Speculation over possible financial reforms in China is building as the opening of a high-profile financial work conference, which is held every five years and usually heralds significant policy changes, draws closer.
The third national financial work conference, scheduled for later this month in Beijing, comes at a time when China faces a host of new problems: a record high trade surplus of US$177.47 billion in 2006, a huge foreign exchange reserve that exceeds one trillion US dollars, stagnant domestic consumption and the possibility of a slowdown of the world economy.
These problems have formed a labyrinth rife with tricks and traps. A surging trade surplus will force the central bank to buy back foreign currencies with the yuan, which will increase the foreign exchange supply. To absorb liquidity, the central bank will have to raise central interest rates to raise the cost of loans. However, this will encourage saving, thus further dampening consumption.
Citing anonymous sources close to the organizers of the meeting, China Business News said that the central bank, the Ministry of Finance, the China Banking Regulatory Commission, the China Securities Regulatory Commission, the National Development and Reform Commission and the State Administration of Foreign Exchange had each prepared separate reports based on field research.
The reports will cover financial supervision, rural financial reform, foreign exchange management, state-owned financial assets control, the development of the capital market, opening-up of financing sector, reform of state-owned banks, corporate governance and the development of the insurance industry, according to the newspaper.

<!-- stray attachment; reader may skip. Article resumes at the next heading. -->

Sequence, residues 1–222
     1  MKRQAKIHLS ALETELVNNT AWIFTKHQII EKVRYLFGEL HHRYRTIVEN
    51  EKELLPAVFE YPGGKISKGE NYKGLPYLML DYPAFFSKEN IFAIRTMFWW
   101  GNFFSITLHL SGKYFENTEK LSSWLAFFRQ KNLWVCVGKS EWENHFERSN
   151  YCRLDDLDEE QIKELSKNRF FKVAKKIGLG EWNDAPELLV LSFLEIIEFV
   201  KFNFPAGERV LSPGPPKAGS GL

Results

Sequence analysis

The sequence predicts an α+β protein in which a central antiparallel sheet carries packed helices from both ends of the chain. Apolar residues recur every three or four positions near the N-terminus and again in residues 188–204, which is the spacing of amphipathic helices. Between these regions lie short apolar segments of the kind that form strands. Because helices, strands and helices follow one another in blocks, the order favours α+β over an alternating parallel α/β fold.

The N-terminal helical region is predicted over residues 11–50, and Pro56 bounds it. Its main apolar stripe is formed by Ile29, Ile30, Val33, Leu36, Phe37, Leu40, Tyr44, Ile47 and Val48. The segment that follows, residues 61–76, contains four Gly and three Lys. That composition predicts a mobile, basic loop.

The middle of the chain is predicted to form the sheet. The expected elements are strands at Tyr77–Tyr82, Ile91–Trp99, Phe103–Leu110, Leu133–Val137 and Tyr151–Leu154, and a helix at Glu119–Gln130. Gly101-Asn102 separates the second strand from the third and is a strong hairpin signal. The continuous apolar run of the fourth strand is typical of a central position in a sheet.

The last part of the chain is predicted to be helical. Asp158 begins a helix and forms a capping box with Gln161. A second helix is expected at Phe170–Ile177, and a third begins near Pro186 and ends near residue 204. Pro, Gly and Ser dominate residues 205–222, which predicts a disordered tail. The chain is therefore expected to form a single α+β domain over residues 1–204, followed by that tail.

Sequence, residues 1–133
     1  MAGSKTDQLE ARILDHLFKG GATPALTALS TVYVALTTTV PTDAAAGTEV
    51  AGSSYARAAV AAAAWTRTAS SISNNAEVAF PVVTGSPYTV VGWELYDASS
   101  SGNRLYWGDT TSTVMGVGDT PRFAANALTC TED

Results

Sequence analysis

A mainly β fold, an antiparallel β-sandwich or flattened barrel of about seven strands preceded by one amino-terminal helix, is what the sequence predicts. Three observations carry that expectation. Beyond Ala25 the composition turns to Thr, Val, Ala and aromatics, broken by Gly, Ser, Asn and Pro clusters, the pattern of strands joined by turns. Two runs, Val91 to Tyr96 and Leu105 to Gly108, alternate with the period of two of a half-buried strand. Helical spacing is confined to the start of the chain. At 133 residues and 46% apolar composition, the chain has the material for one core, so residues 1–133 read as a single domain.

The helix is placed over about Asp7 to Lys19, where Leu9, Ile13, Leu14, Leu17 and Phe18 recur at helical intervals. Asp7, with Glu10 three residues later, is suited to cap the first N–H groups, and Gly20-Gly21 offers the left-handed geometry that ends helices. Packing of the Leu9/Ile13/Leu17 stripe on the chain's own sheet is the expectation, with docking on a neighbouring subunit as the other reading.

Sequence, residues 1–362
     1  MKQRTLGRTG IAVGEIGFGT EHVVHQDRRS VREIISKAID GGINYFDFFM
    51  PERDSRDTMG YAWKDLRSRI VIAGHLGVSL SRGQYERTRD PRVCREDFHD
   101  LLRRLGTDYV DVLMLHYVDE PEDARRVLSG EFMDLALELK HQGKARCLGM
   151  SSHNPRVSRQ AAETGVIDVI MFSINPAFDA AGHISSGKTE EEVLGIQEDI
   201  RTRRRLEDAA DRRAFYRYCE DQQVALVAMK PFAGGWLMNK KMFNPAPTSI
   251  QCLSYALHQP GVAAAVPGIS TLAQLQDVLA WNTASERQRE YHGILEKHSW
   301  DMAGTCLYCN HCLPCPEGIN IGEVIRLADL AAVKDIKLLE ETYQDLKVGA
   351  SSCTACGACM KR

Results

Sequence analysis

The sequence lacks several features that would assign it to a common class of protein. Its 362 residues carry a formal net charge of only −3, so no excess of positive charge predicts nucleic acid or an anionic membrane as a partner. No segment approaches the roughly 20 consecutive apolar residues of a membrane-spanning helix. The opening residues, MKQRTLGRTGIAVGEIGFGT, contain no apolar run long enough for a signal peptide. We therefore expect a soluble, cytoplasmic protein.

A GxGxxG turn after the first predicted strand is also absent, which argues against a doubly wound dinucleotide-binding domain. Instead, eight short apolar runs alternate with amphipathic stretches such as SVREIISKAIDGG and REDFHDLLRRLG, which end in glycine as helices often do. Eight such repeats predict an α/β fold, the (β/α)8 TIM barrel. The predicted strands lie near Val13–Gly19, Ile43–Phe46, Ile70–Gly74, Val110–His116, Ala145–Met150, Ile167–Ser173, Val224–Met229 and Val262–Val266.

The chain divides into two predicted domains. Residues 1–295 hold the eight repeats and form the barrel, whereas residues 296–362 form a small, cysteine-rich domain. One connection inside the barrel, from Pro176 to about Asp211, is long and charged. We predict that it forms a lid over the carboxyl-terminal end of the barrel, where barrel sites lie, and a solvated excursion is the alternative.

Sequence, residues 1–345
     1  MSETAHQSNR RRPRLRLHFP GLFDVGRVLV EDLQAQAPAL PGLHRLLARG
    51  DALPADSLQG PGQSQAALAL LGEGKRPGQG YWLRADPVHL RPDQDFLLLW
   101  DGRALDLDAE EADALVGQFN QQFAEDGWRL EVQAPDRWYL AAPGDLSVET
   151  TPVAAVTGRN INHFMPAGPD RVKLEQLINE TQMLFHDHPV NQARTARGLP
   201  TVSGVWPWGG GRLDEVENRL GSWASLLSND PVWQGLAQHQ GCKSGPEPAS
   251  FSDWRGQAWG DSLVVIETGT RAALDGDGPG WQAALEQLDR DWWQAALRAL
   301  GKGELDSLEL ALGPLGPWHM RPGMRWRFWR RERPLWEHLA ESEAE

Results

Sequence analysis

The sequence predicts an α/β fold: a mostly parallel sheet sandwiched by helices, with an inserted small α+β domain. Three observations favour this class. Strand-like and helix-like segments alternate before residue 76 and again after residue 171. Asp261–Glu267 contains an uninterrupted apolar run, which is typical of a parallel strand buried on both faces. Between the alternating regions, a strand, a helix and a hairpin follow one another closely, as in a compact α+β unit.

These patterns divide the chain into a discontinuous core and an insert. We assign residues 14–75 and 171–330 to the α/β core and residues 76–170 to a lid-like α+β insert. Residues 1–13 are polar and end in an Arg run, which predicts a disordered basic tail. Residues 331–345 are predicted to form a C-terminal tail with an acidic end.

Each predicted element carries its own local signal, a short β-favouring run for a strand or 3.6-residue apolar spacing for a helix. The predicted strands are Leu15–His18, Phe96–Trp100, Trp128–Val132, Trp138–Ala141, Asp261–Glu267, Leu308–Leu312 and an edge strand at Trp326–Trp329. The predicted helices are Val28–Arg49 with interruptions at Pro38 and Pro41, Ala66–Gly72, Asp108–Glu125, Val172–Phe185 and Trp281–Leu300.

A more specific agenda reported by the 21st Century Business Herald included discussions on the shareholders reform of the Agricultural Bank of China, the last of the "Big-four" state-owned banks to be listed on the stock exchange, the transformation of the State Development Bank from a policy bank into a commercial one and following the deposit insurance system of western countries. The newspaper also reported that the conference would be held on January 19 and 20.
Qin Chijiang, secretary-general of the China Financial Institute, told the newspaper that the meeting would make breakthroughs in rural financial reforms to alleviate the capital shortfall in the countryside.
After the first national financial work conference was convened in 1997, the year a financial crisis swept through Southeast Asia, China adopted proactive fiscal and financial policies, set up the Insurance Regulatory Commission and instituted reforms of the "Big four" banks: the Bank of China, the China Construction Bank, the Industrial and Commercial Bank of China and the Agricultural Bank of China.
The second national financial work conference opened in 2002, signaling the establishment of the China Banking Regulatory Commission, and the fiscal and financial policies were shifted to "prudent".
(Xinhua News Agency January 16, 2007)